We've been talking about March 7 as the date that Apple will unveil the new iPad 3 to the world, and this morning that company confirmed it as invites went out to select members of the press. The iPad 3 will make its debut at the Yerba Buena Center for the Arts in San Francisco at 10:00AM PST on March 7, just 8 days from today. As you can see in the invite above, it's a teaser of a high resolution Retina Display-equipped Apple tablet! According to many sources, it'll also be the first iPad to include a 4G LTE chipset as well. As always, we'll let you know the details of the announcements as they happen next week.
In this episode we give you a look at the Motorola Droid RAZR MAXX. This is a follow-up to the Droid RAZR, with the major difference being that the RAZR MAXX packs in a 3300 mAh battery. The result? The RAZR MAXX has twice the battery life of the Droid RAZR that was just released a couple of months ago. In fact, this is the first 4G LTE smartphone that we've found that doesn't have horrible battery life. With the Droid RAZR MAXX, you can count on the battery to last all day and night, which is a welcome change from what we've found with other 4G smartphones. It's also got an 8 megapixel camera that records 1080p, and the front camera records 720p as well. It's also got a 1.2 GHz dual core processor. You can pick up the Droid RAZR MAXX for $299.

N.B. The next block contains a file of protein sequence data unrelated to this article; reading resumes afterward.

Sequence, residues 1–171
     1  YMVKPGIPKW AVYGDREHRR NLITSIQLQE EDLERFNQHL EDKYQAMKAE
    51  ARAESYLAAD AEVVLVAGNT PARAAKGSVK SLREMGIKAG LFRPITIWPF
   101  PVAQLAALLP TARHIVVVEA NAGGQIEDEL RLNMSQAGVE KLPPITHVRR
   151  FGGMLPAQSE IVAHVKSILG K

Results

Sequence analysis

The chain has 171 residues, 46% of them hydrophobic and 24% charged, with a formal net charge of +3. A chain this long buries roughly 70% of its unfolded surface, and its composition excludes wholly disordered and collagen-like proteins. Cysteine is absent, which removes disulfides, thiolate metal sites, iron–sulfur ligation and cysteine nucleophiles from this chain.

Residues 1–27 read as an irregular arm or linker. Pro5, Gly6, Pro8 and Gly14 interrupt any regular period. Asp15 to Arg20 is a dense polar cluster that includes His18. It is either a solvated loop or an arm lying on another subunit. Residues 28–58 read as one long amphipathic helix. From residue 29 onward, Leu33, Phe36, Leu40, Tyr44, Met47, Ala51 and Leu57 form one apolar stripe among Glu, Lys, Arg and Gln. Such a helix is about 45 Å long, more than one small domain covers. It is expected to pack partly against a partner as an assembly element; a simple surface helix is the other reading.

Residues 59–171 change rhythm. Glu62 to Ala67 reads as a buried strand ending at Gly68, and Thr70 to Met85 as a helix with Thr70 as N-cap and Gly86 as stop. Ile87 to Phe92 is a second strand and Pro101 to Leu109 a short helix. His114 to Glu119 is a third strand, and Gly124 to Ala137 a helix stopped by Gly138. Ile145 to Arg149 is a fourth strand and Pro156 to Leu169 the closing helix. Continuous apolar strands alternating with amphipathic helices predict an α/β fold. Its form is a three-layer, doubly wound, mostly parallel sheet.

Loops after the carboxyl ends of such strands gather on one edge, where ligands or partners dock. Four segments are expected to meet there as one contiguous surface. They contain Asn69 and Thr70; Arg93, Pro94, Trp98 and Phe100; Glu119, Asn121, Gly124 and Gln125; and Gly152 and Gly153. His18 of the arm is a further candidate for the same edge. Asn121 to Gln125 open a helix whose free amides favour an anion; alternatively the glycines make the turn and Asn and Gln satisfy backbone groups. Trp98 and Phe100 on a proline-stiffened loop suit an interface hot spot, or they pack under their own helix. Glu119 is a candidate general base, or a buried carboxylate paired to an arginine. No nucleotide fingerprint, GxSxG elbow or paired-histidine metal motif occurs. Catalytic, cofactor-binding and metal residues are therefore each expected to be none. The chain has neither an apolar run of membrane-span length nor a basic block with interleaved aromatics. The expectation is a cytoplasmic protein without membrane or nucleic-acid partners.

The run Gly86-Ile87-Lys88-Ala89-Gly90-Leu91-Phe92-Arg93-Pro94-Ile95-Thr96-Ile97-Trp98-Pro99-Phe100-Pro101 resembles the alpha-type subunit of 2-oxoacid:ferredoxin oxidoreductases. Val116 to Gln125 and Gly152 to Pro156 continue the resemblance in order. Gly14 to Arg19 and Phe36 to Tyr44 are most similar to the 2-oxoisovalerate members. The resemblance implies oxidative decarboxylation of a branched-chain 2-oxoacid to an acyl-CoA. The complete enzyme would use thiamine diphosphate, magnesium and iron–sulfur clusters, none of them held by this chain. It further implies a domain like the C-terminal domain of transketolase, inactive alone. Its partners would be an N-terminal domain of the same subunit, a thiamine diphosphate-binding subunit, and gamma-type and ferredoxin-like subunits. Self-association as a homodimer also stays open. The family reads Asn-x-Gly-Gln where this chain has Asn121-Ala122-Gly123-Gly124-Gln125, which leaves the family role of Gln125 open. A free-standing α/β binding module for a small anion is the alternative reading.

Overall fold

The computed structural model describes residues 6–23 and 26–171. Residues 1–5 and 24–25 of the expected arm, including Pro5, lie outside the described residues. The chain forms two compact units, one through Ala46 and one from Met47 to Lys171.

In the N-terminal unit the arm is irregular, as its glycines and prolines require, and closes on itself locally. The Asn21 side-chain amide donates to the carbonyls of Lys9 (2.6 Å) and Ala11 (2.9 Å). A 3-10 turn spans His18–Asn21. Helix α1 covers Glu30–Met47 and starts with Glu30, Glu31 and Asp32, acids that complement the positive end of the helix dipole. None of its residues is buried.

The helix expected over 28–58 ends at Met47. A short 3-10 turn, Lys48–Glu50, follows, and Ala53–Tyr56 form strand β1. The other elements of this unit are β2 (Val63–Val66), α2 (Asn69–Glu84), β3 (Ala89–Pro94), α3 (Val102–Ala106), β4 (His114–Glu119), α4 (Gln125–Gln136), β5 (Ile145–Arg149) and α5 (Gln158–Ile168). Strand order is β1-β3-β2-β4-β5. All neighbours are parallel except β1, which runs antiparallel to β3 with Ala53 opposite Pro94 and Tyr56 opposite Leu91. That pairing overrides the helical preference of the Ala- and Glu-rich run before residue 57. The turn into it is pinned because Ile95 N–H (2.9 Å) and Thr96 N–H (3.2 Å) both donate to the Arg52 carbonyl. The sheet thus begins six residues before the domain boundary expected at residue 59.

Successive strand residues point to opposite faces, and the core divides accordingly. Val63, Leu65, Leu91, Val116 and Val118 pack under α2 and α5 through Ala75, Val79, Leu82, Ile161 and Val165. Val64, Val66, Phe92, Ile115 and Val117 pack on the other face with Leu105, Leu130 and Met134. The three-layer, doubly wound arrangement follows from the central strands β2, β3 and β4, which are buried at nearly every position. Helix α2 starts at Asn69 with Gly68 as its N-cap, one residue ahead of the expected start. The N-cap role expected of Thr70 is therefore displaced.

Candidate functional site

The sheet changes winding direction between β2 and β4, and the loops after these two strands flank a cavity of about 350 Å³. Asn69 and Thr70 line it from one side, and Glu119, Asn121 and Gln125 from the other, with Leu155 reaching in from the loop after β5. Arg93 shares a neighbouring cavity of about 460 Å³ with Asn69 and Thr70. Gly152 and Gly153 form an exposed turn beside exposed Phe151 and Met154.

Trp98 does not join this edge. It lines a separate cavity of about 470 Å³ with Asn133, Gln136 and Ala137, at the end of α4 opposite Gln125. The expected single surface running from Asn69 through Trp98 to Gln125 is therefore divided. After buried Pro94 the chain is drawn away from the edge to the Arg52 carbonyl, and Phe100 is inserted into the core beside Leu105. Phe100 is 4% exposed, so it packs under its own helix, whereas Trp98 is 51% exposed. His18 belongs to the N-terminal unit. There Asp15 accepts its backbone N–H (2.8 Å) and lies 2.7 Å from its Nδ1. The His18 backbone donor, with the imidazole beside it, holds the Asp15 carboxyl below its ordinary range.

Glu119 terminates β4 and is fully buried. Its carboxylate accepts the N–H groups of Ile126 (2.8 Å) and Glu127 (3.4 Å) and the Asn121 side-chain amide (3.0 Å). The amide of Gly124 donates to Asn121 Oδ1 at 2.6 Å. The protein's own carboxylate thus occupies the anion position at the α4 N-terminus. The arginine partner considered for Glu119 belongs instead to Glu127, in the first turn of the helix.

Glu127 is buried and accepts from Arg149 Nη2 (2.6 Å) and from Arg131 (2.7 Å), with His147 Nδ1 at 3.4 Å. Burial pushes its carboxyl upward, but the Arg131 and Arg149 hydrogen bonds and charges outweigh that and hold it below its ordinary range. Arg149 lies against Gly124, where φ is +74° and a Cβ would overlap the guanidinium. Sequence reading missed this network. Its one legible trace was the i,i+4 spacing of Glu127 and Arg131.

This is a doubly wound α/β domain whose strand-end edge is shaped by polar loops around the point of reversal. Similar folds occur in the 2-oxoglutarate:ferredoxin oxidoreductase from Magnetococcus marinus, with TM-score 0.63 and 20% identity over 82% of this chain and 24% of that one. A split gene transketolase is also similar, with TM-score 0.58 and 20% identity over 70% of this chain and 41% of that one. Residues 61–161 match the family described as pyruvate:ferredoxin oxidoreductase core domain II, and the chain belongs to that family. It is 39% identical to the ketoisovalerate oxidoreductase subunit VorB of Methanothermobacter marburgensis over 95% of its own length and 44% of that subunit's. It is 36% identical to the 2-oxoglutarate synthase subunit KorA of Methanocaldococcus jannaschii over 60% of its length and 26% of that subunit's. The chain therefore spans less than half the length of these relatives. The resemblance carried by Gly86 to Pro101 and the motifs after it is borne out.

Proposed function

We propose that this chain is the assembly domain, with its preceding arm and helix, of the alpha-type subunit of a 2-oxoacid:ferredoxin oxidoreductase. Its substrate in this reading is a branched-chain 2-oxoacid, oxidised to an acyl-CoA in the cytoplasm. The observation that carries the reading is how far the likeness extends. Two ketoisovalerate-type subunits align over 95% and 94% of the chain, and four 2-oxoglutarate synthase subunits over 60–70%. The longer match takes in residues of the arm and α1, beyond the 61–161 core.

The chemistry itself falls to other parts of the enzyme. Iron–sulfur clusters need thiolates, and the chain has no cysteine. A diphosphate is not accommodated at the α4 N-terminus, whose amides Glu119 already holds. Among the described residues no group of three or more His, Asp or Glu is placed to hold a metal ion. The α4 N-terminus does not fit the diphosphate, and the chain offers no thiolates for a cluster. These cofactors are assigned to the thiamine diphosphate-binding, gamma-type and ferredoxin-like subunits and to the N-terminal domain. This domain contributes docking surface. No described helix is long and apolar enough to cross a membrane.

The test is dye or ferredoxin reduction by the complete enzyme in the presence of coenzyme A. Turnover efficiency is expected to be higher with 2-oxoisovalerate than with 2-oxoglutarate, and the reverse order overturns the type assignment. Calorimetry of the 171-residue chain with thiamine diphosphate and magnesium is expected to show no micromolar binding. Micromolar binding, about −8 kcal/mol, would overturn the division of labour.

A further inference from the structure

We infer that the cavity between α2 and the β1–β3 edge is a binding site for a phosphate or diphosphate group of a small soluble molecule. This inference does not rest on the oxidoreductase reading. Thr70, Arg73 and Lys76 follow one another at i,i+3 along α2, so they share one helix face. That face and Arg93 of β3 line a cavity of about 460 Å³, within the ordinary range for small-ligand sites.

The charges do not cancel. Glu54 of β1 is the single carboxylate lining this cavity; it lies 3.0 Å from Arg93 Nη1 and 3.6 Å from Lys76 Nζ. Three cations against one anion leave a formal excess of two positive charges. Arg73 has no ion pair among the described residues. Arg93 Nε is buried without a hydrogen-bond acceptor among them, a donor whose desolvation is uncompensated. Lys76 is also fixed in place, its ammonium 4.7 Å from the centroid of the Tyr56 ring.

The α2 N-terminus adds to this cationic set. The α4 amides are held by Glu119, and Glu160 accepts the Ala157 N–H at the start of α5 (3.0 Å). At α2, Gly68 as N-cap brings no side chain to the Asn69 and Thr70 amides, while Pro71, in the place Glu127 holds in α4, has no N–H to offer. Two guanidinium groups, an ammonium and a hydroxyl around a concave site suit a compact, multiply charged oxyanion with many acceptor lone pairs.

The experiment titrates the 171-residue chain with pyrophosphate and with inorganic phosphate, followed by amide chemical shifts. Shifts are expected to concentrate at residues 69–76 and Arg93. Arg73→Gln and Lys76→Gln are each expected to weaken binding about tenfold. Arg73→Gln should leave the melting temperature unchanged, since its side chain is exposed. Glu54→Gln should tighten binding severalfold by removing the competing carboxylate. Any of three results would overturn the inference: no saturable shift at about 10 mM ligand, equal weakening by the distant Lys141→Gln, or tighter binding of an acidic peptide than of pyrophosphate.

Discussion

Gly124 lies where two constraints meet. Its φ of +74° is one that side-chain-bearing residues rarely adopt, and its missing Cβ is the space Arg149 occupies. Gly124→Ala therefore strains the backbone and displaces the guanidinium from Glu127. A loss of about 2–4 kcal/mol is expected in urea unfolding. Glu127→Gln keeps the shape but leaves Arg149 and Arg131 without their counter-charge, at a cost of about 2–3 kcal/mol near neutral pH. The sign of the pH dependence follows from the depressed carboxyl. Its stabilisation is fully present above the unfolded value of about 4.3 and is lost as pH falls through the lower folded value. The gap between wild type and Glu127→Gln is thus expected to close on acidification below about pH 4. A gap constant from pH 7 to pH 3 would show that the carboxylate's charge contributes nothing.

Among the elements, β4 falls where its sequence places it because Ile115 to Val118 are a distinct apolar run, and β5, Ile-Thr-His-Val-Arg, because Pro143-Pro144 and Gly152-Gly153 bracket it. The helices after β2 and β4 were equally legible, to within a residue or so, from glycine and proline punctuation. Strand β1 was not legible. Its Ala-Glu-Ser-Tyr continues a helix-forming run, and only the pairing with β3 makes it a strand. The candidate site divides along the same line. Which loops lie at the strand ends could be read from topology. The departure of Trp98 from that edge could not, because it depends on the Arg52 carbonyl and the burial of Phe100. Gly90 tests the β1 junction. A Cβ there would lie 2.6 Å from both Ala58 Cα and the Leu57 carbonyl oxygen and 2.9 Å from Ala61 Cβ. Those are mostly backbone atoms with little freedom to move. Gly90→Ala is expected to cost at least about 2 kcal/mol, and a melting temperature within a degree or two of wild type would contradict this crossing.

Big thank you to GoToMeeting and JackThreads for sponsoring the show - be sure to check them out! GoToMeeting with HDFaces provides rich, super-simple collaborative virtual meetings. As for JackThreads, we've got exclusive invite codes that give you $5 to use towards anything you'd like on the site.